You are missing a WHERE clause (that cannot be written as direct
JOIN condition). The additional table
usermigration has to be bound to the table
bodycontent to be updated in some way, or every row of
bodycontent has as many update candidates as there are rows in
usermigration - the cartesian product between the two tables.
There is no way to tell which one will be applied and persist. Both statements are wrong in this regard. For instance, if there are 1000 rows in
usermigration and 1000 rows in
bodycontent this will results in 1 000 000 updates candidates before 1000 can be picked.
If you join in one or more tables in an
UPDATE statement it hardly ever makes any sense without a
WHERE clause connecting the result of the
FROM clause to the updated table.
Consider these notes in the manual about the UPDATE statement:
When a FROM clause is present, what essentially happens is that the
target table is joined to the tables mentioned in the from_list, and
each output row of the join represents an update operation for the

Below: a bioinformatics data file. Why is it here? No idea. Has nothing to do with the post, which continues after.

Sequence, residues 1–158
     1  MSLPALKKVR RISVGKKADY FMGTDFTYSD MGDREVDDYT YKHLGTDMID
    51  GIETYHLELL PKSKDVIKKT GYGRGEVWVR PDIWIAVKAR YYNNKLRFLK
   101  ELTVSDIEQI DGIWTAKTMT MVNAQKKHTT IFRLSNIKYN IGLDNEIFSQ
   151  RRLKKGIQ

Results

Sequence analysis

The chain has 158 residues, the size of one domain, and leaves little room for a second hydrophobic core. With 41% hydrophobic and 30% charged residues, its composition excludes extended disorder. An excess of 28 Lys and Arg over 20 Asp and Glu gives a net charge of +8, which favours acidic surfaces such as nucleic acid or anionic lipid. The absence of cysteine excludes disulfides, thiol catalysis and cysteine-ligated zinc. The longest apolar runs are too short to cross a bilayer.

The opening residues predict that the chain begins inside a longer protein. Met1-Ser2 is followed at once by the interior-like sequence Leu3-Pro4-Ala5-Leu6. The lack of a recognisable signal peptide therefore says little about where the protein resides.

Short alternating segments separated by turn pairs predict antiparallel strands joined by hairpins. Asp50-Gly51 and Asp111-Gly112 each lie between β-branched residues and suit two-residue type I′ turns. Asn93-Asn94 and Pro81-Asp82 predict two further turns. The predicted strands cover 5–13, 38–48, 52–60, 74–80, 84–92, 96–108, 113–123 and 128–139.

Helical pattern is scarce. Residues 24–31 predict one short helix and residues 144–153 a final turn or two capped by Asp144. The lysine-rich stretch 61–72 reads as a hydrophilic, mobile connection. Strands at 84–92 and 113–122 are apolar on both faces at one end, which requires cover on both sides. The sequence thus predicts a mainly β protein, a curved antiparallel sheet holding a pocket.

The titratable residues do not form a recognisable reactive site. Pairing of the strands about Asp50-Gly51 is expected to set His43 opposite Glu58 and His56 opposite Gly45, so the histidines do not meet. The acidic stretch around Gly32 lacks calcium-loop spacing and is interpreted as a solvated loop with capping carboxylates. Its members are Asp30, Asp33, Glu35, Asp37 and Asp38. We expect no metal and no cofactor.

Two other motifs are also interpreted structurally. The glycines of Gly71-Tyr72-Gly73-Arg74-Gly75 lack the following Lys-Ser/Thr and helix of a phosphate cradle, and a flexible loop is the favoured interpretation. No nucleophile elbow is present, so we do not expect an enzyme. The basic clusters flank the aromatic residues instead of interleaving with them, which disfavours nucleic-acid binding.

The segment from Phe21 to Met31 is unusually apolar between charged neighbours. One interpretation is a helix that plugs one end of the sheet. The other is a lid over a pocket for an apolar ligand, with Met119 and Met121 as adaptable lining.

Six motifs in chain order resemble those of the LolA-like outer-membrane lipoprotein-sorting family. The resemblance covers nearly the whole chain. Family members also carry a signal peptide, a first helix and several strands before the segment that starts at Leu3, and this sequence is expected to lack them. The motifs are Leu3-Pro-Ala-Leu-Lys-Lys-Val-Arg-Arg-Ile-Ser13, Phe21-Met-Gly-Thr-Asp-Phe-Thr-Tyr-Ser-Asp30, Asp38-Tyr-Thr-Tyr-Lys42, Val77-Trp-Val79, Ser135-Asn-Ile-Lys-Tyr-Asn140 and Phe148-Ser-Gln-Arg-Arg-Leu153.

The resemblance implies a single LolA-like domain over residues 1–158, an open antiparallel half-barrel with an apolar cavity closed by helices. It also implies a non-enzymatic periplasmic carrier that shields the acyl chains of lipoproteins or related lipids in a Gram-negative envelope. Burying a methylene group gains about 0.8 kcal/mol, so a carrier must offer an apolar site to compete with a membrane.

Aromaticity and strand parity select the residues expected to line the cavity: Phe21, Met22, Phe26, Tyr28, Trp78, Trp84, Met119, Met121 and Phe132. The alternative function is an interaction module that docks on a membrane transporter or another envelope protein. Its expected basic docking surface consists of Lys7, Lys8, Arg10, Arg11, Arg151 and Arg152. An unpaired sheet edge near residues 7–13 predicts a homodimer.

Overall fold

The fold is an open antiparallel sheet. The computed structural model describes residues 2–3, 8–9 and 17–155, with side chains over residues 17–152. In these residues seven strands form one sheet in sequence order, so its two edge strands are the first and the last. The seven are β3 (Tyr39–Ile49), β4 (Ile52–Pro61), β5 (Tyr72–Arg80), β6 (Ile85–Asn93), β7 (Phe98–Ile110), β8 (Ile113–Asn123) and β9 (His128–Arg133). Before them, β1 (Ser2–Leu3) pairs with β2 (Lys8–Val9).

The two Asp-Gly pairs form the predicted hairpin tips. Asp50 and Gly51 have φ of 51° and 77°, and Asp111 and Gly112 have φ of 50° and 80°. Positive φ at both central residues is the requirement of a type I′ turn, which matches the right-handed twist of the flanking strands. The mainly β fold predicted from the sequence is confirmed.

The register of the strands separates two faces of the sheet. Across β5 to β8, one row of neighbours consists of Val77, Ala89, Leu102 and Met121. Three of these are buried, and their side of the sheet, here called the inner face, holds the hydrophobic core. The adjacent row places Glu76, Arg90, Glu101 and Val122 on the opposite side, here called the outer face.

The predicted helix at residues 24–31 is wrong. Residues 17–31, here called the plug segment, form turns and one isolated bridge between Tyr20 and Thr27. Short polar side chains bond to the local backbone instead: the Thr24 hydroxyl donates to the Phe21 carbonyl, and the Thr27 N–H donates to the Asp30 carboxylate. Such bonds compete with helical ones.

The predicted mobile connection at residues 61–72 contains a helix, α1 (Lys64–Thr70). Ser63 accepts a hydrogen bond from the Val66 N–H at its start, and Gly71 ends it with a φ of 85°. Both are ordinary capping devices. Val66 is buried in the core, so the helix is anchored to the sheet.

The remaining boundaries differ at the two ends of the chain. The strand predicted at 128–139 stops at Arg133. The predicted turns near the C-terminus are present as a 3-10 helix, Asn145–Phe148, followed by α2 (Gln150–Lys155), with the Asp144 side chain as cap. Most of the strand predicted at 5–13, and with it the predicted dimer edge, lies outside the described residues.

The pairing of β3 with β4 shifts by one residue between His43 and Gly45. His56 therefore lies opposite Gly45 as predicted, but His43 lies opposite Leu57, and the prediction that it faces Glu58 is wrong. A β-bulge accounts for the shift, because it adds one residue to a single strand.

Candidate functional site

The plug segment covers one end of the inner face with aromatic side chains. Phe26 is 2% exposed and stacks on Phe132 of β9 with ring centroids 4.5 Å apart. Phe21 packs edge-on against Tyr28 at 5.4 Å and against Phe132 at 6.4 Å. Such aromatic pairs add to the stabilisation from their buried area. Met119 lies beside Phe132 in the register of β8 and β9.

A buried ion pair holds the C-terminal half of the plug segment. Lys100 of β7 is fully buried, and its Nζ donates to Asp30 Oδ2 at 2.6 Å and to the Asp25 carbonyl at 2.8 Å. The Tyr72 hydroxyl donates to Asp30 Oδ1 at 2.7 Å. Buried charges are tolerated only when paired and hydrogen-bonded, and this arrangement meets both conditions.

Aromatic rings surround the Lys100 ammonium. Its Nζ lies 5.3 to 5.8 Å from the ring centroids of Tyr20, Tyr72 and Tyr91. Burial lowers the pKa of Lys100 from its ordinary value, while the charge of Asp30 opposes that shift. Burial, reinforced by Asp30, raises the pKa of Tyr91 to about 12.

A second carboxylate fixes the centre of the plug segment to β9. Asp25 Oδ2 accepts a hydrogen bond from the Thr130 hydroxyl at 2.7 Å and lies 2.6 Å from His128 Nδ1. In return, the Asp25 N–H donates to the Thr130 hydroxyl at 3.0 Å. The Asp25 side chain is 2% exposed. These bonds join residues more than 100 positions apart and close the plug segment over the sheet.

target table. When using FROM you should ensure that the join produces
at most one output row for each row to be modified. In other words, a
target row shouldn't join to more than one row from the other
table(s). If it does, then only one of the join rows will be used to
update the target row, but which one will be used is not readily
Note that the
FROM clause in the
UPDATE statement is a PostgreSQL extension to the SQL standard. Other DBMS use different syntax, for instance explicit
JOINs to the table to be updated (in tSQL) that do not work for PostgreSQL.
Answer to additional question in comment
This query should work, mostly1
UPDATE bodycontent b
SET body = replace(b.body, u.oldusername, u.newusername)
FROM usermigration u
WHERE b.body LIKE ('%' || u.oldusername || '%');
1 The outcome is still ambiguous. Multiple matches can be found. It is uncertain, which one will be applied. The problem is that your requirements are inherently ambiguous. There can be multiple (overlapping) usernames that match and the order in which updates are applied is relevant (but not defined). The
UPDATE statement perfectly reflects your flawed requirements.
And what's up with the
'~' || part?